Courtesy of Wikipedia

1007: Kiya

Wife of Pharaoh Akhenaten

Born: Possibly Mitanni (Present-day Syria)

Died: Akhetaten, Ancient Egypt (Present-day Amarna, Egypt)

Very little is known about Kiya, especially in contrast with Akhenaten’s much more famous and principal wife Nefertiti.

Some scholars believe Kiya was from the Mitanni civilization, located in present-day Syria and Turkey, based on a known Mitanni wife of Akhenaten (Tadukhipa), who may have shortened her name upon arriving in Egypt to simply Kiya. However, this theory is just that, a theory, and is not a definitive historical fact.

Kiya’s official title was “The Great Beloved Wife.” Many believe this also proves she was not a Native Egyptian, or at the very least not related to the royal family. The majority of royal women received titles like “King’s Wife” “King’s Daughter” “King’s Mother” and so on, depending on how they were related to the king. Kiya, in contrast, was titled “The Great Beloved Wife” and also “The Favorite”, neither of which show any indication she was of Egyptian royal blood.

In some reliefs she is shown with a young girl, making many believe she had a daughter (and possibly two sons), but all of this is circumstantial. Some historians believe Kiya died in childbirth, because another relief in Amarna shows the death of a royal woman, while a nurse carries a newborn child away. However, this also has not been proven to have anything to do with Kiya.

Compounding the mysteries behind Kiya was the fact that many of her grave goods were repurposed for other members of the royal family. For example, Kiya’s coffin was used for the Princess Meritaten instead, while a secondary sarcophagus may have been repurposed for the Pharaoh himself.

According to Ancient Origins, the pieces of archaeological evidence from Kiya’s life that do survive are a jumbled mess of pieces or fragments of various items. Some images of carved reliefs survive as well; though most have been changed to represent the princess Meritaten instead of Kiya (which only adds more mystery to the already confusing story). One of the most important finds for Egyptologists was a set of four Canopic Jars. Canopic Jars were used by ancient embalmers to hold four organs after they were removed from a mummy. This particular set of jars has been split up; three remain in Cairo while a fourth resides at the Metropolitan Museum of Art in New York City. The lids of the jars have all been sculpted to show a woman’s face. Some believe the faces are of Nefertiti, while others have cited one of the six daughters shared by Nefertiti and Akhenaten. More still liken the image to that of Kiya herself, which would make one believe the jars belonged to her.

Kiya disappears from all historical records around the twelfth or thirteenth year of Akhenaten’s reign. Some believe Kiya died around this time, while others believe she was disgraced, and therefore her smashed artifacts, repurposed grave goods, and reimagined carvings all prove she lost her place within the court. However, none of this can be definitively proven (yet).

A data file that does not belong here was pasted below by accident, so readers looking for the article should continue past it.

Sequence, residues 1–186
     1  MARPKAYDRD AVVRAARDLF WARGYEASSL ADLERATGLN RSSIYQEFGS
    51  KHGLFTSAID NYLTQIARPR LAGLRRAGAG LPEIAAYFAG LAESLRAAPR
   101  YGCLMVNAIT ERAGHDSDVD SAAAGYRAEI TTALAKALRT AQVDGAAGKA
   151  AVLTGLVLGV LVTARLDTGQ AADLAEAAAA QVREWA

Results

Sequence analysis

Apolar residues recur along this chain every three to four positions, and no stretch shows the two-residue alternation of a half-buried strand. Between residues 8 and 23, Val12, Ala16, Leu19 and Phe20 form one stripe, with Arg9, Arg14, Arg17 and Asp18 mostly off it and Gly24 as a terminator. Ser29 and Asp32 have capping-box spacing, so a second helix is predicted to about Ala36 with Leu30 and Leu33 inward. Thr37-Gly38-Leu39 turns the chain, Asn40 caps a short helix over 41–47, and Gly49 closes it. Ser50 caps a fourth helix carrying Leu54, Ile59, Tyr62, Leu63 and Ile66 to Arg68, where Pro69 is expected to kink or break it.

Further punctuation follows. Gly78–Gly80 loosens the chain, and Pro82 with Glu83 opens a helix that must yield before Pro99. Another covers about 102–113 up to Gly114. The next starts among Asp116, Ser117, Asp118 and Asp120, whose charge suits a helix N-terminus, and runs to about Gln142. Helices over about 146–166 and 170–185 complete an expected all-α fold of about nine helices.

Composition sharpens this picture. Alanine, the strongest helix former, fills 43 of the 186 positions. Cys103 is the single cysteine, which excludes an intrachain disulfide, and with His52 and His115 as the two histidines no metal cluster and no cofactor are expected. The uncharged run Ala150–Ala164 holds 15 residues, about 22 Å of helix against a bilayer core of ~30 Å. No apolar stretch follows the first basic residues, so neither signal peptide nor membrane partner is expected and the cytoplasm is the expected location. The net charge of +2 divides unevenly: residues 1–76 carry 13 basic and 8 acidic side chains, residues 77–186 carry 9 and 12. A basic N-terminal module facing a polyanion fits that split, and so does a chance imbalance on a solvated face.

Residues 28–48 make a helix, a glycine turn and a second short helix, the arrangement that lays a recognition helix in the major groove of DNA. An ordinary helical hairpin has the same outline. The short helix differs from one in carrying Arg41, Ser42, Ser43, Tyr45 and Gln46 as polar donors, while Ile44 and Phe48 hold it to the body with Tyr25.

Recently, more research was done on two Egyptian mummies discovered lying in a tomb together. One, originally hailed “The Elder Lady”, is believed to be the powerful Queen Tiye. The woman beside her, deemed “The Younger Lady”, is believed by some to be Kiya. If the Younger Lady is in fact Kiya, that would mean Kiya is most likely Tutankhamun’s mother—but if this is true, then Kiya would not actually be from Mitanni at all. DNA analysis on The Younger Lady as well as the mummy believed to be the Pharaoh Akhenaten prove they are at the very least half-siblings. Meaning if Kiya is the Younger Lady, then she is also ethnically Egyptian.

I want to note however that the majority of Egyptologists do not believe Kiya and the Younger Lady are the same woman. Because so much of the circumstantial evidence seems to indicate Kiya was not Egyptian, and not Tutankhamun’s mother (she was never referred to as “King’s Mother” or in any way indicated to have given birth to the heir to the throne), I also personally believe Kiya and the Younger Lady are not the same woman. However, that is my opinion and at this point, neither theory can be proved. I just wanted to be clear on where I personally stand on the situation.

This probably all sounds very confusing if you aren’t interested in Egyptology or the genealogical studies of the Amarna Period. For that I’m sorry, but there isn’t really an easier way to sum it up nicely other than to say doing more research yourself might help.

Anyway, back to Kiya. Some historians and researchers believe Kiya and the Younger Lady are one and the same, but a great many others do not. If they are the same, then Kiya’s death was a violent one. The Younger Lady was a murder victim according to researchers.

The majority of Kiya’s grave goods were located in a grave called KV55, located in the Valley of the Kings. However, the grave was not adorned or decorated in any way to indicate it was her initial burial ground, and her mummy has not been (definitively) located today. Some historians believe her body was destroyed in antiquity, while others still hope the day when her tomb is uncovered somewhere. It could be in the Valley of the Kings or it could be somewhere near the burial ground at Amarna. Or who knows, Kiya’s final resting place may be somewhere else entirely.

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Located In My Personal Library:

Daughters of Isis: Women of Ancient Egypt by Joyce Tyldesley

Scanning the Pharaohs by Zahi Hawass and Sahar Saleem

The Pharaohs by Joyce Tyldesley

When Women Ruled the World: Six Queens of Egypt by Kara Cooney